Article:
When talking about conjugated polymer synthesis, an initial question concerns the availability and purity of the suitably functionalized building blocks. Thereby, the required synthetic efforts can be quite different and demands by the community can lead to the commercial availability of starting compounds. Closely connected to this is the question of the polymerization reaction, that is to say how the building blocks are subjected to a repetitive coupling. Remarkably enough, while step-growth methods have long been the “classical” polymerization mode, chain-growth methods have recently been realized as well. This of course holds promise for establishing “living” end-groups and offers new opportunities for block copolymer synthesis. Transition metal-catalyzed reactions developed in organic and organometallic chemistry have had a huge impact on conjugated polymer synthesis, and this holds true for methods not only of carbon-carbon, but also carbon-heteroatom (e.g. nitrogen) connections. Many of these commonly used pathways are addressed as “named reactions” honoring their inventors and, indeed, these inventions can hardly be overestimated. These reactions allow the connection of aromatic ring systems to a polymer chain via homo- or hetero-atom couplings, and there the reader will readily envisage how important the above mentioned strictly alternating incorporation of donor and acceptor moieties is. Apart from aromatic building blocks, vinylene and ethynylene elements can be introduced as well. Here it is rewarding to compare transition-metal catalysis with older procedures, such as connective double-bond formation.

Is it thus sufficient, when targeting a particular polymer structure, to check the literature for the right building blocks and the best mode of coupling? The answer is definitely no, and there are at least two reasons for that. The first one, even if somewhat discouraging for a physicist who feels that the synthetic plan looks quite easy, concerns the experimental conditions. A typical case is rigorous exclusion of oxygen and water since these can affect catalyst activity and trigger unwanted side-reactions. The choice of reaction temperature and time should be mentioned here as well. The second reason is that the nature of the building block and the chosen synthetic method must be carefully adjusted. Thus, steric hindrance may slow down the growth of the macromolecule so much that side reactions come into play, which can either stop further growth or induce side reactions. The issue of side reactions, even if occurring as minor processes, is critical. A typical case is the so-called Wessling Zimmermann synthesis of PPV, which played an important role for the development of light emitting devices based upon conjugated polymers in the early nineties. This advance in the synthetic procedure was achieved via a precursor polymer, which was finally transformed into the conjugated chain via a 1,2-elimination process. Failure to accomplish this quantitatively will, of course, lead to an interrupted pi-conjugation. Even more severe is the fact that side reactions can lead to (ketonic) defects that act as traps for the excited states of the light emitting device. Let us come back to the question of the mechanism of the polymer forming reaction. In a step-growth polycondensation, high molecular weights can only be achieved for high degrees of conversion and thus the coupling of intermediate oligomers. Even if limitations imposed by solubility can be excluded, mismatch of the stoichiometries must be avoided, and this relates to the absence of side reactions.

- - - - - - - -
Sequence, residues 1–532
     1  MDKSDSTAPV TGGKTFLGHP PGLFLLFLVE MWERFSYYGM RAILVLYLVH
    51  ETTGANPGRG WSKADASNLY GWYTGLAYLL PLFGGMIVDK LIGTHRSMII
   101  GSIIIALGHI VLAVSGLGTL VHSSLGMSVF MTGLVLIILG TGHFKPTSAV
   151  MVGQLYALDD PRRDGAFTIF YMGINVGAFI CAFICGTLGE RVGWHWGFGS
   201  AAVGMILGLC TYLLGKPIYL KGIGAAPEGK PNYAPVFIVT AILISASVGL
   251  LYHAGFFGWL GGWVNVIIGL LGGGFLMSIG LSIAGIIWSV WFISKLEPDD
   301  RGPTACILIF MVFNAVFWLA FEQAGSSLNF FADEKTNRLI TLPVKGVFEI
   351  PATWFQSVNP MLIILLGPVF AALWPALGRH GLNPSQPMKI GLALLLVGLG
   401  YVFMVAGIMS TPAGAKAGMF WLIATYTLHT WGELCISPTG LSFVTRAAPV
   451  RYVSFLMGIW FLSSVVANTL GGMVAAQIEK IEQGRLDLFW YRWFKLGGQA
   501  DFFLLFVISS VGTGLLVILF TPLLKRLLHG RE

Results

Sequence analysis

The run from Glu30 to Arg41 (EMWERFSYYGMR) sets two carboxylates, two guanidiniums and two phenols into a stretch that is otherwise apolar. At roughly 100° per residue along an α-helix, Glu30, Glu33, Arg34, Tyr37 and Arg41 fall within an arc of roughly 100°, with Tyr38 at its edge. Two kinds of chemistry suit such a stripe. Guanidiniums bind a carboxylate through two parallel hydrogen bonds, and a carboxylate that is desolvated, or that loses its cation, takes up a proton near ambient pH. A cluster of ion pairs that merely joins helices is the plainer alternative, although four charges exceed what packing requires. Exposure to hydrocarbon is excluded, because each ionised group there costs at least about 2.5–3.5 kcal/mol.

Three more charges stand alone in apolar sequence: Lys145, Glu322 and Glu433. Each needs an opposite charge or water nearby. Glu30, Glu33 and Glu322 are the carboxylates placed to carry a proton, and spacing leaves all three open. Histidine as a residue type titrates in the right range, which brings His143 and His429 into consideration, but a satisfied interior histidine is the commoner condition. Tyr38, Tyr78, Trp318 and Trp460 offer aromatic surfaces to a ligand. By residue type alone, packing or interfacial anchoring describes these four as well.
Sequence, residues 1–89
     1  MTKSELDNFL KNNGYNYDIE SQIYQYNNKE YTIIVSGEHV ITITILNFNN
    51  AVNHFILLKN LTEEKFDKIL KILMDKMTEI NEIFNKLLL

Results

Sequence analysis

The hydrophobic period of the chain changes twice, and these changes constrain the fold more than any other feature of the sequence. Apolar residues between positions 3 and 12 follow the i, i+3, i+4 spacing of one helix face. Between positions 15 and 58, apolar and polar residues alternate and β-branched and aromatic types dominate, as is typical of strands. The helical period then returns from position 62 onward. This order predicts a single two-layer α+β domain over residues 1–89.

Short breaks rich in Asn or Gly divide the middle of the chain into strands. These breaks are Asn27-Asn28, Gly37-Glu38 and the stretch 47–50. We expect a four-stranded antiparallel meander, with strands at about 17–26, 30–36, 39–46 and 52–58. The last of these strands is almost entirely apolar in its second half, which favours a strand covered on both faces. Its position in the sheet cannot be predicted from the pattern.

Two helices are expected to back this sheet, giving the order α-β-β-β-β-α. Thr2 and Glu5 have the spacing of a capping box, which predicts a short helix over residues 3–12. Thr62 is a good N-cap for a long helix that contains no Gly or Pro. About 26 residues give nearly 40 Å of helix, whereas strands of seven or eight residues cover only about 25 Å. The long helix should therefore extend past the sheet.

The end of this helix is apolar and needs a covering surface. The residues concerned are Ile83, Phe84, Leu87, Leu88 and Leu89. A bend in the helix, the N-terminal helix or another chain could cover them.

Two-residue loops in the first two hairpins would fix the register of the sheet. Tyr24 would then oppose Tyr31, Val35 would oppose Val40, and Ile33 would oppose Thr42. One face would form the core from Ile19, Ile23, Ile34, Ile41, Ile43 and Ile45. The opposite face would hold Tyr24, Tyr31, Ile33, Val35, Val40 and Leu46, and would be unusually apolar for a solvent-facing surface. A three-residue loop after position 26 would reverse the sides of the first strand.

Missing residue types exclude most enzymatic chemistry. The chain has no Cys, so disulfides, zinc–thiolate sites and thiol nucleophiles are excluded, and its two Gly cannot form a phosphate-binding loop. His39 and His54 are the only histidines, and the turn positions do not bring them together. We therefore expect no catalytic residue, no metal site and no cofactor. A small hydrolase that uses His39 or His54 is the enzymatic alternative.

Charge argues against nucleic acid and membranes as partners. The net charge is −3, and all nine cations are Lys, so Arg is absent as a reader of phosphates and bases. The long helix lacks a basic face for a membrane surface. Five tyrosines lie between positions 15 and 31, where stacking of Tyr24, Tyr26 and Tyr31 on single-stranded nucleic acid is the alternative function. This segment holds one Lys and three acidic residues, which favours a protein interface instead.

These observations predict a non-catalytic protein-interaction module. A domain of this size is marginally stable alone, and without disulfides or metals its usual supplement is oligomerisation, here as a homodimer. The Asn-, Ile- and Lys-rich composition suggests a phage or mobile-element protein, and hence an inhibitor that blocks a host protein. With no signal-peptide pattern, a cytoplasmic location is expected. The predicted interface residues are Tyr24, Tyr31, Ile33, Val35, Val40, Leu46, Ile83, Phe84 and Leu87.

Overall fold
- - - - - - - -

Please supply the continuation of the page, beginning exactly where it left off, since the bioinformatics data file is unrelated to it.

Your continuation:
Conjugated polymer synthesis, in order to be meaningful, requires an even higher level of sophistication, and this raises the question of how we describe its molecular structure. We commonly denote the prevailing repeat units, written in parenthesis, and then add “n” for the number of repeat units, even if it is often not specified. There are ample cases, particularly in recent literature, where the molecular weight and the polydispersity of an individual polymer play a decisive role in the device performance, such as charge carrier mobility. This, by the way, can readily be understood when considering the above mentioned ordered packing of polymer chains. Then, it is clear that further features come into play, such as the mode of end-capping. Impurities, as has been mentioned, can serve as traps not only for excitons, but also for charges, and structural irregularities do not only interrupt pi-conjugation, but also hamper regular packing. It follows that the above way of denoting a polymer is in urgent need of careful specification. Otherwise, the whole research field is in danger of criticism, such as “they measure very precisely, but they do not precisely know what they measure”.

This book is intended to show the beauty of conjugated polymer synthesis without ignoring the difficulties and obstacles. While organic electronics are often tempted to follow the fascination of device fabrication, this book takes the opposite direction in a synthesis-first approach. This approach requires imagination, but also scrupulous optimization of experimental conditions combined with careful proof of structural perfection.

Considering the above, a strong plea is made herein to activate the good old virtues of organic synthesis, and these will certainly prove their value when, for example, pushing the limits of molecular weight or handling a low band gap polymer with its inherent chemical instability. There are, however, still many open territories for conjugated polymer synthesis. The new challenges could concern a complex combination of properties, such as making a charge transporting polymer also responsive to stimulus-driven switching or by connecting a conjugated polymer segment to a biomacromolecule for recognition and self-assembly processes. Furthermore, while we have so far focused on the power of solution synthesis, performing synthesis in the (bulk) solid state or on a surface could create significant advantages as one could not only build in the supramolecular order, but also avoid the additional difficulties of controlling solution processing. Whether synthesis is structure or method oriented, knowledge or application driven, or whether it targets new polymer structures or up-scales established ones, it finds room everywhere. But it is not always easy. However, we believe that this book will help to make it easier – and more successful.

Last but not least, we would like to thank all the authors who actively do research in the forefront of the conjugated polymer field for their excellent contributions. Thanks are also due to Professor Ben Zhong Tang, Editor-in-Chief of this book series for his continuous support and to Ms. Leanne Marle at the RSC office for her clerical assistance.

Klaus Müllen

On behalf of the Editors